Junior Varieties

Junior Varieties is the oldest high school variety show in the country. The variety feature yearly themes with a mix of comedy, vocal talent, instrumental performances, dance performances, and other skits. The show is largely led by the year’s junior classmen, but students of all grade levels participate including their own part in the show.

Other Activities, Organizations, and Clubs

Fine Arts Club, Key Club, and Interact Club maintains as three largest school clubs.[citation needed] In more recent years, Malden High School's marching and concert bands, along with the color guard, have continually operated with increasing success. Many other clubs operates in the school as well. Recently, Malden High's drama program, Play Production, was recognized as one of the best in the state. In 2011, the class's original play "American Land" made it to the State Finals, the first time in over 40 years.

Historically there been numerous publications that have risen and fallen including the literary society “The Lion”, a Jewish run school newspaper “The Optimist,” and “the Usonian.” In 2005 Malden High School joined the Massachusetts Forensics League and now competes with a comparatively small team.


  1. ^ a b c d [1] Catalogue of the Public High School Malden, Mass. and Alumni Register 1863–1895
  2. ^ a b c “Old Malden High Building Goes after 65 Years of Service”, Malden Evening News, 1937-29-12, pp. 1 c.3
  3. ^ “Public Inspection Day Nov 6th”, Malden Evening News, 1940-10-15, pp. 1 c. 8
  4. ^ "54% Malden Graduates Plan to Enter College", Free Press, 1958-5-8, pp. 1 c.3
  5. ^ Burke, Deborah: “MHS College Bd. Scores are well below average”, Malden Evening News, 1979-2-12, pp. 1 c. 2
  6. ^ 42% of MHS Class of 1975 Plan to Attend College, Malden Evening News, 1975-6-5, pp. 4 c. 1
  7. ^ ”Ask to Take “extra” Course at Malden High”, Malden Evening News, 1975-3-11, pp. 12 c. 1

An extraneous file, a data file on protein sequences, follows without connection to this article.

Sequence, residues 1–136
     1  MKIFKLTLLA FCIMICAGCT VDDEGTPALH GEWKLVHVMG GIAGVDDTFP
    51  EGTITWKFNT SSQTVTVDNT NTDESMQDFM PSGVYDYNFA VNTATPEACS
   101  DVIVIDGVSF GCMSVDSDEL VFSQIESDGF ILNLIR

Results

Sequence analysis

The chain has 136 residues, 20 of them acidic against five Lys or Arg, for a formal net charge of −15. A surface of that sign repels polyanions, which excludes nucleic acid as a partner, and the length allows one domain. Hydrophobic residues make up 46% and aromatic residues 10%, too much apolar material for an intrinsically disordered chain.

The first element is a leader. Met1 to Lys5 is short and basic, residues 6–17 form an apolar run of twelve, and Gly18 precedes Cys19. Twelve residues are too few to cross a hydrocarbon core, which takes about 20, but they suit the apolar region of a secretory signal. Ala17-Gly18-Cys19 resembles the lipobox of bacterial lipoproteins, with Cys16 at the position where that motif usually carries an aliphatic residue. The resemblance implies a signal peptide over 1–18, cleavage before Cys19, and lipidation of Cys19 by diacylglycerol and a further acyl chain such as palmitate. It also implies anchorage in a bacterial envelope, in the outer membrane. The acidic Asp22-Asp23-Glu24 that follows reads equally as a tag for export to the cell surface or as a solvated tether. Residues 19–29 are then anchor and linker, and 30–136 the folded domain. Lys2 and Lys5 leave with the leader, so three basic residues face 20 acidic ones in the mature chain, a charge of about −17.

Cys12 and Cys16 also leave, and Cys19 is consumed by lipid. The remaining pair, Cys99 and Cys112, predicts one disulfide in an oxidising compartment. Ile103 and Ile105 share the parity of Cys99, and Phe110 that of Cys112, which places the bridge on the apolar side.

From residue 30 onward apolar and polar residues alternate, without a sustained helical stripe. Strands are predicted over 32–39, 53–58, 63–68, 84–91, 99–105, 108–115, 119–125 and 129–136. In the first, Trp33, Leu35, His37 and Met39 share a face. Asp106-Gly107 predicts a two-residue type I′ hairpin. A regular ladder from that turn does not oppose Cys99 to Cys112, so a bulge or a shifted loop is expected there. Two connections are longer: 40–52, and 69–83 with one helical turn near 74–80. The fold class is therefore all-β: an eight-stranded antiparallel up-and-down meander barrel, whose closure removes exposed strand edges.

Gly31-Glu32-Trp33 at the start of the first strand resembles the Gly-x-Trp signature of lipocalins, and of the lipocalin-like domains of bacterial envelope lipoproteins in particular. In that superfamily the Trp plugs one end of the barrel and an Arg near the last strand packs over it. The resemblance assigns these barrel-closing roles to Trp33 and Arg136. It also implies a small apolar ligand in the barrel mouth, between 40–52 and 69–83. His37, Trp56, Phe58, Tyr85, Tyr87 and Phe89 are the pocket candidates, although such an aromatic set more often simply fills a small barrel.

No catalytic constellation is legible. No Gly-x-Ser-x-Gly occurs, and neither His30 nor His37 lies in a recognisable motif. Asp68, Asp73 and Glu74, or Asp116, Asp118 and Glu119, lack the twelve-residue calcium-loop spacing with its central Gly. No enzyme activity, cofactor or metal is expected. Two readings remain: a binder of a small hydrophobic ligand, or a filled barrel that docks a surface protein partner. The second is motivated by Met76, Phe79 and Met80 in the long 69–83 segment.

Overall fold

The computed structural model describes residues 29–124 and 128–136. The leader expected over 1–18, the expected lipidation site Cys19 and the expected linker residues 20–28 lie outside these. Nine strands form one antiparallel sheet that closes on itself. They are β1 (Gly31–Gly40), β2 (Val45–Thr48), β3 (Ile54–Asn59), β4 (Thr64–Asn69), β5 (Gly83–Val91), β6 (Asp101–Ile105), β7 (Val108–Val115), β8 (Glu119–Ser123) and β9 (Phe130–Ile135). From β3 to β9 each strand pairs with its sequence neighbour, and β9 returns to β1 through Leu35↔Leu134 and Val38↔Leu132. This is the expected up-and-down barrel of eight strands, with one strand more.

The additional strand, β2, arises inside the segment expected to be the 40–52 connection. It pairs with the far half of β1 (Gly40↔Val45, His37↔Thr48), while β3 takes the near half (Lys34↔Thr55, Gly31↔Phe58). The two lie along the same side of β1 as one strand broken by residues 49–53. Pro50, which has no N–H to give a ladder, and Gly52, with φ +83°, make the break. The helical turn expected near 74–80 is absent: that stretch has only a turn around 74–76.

8. ^ Nealon, Patricia: “Repairs delay forces early MHS dismissal”, Malden Evening News, 1977-9-7, pp. 1 c.3 pict.
  9. ^ a b Rappoli, Rick: “Problems plagued first addition, but not the second”, Malden Evening News, 1981-1-16, pp. 12 c.1
  10. ^ Hahesy, John: “Testifies MHS contractor told of error in Feb. ‘77”, Malden Evening News, 1978-3-24, pp. 1 c. 6
  11. ^ “Problems Persist in New Addition”, Malden Evening News, 1981-1-16, pp. 1 c. 3
  12. ^ “Concrete continues to fall”, Malden Evening News, 1982-6-5, pp. 1 c. 4
  13. ^ “Vandals Damage Swimming Pool with Bleachers”, Malden Evening News, 1981-7-9, pp. 1 c.1
  14. ^ a b “Will vandals take a gambol at high school?”, Malden Evening News, 1981-8-31, pp. 1 c.1
  15. ^ “Discipline crumbling at MHS, teachers say”, Malden Evening News, 1982-6-4, pp. 1 c. 4
  16. ^ "Students, on a new path". Malden Observer. Retrieved 2007-09-01. 
  17. ^ a b c d "Student handbook of program of studies" (PDF). Retrieved 2007-09-01. 
  18. ^ "2006–2007 School Improvement Plan" (PDF). Retrieved 2007-09-01. [dead link]
  19. ^ Marquard, Bryan (2011-05-12). "Leo Kahn, co-founder of Staples, dies at 94". Boston Globe. Retrieved 2011-05-22. 
  20. ^ a b c d "2006–2007 Student Handbook" (PDF). Retrieved 2007-09-01. [dead link]
  21. ^ Joust The Facts: November 2006
  22. ^ "Oracle ranked superior". Archived from the original on 2007-09-27. Retrieved 2007-09-01. 

External links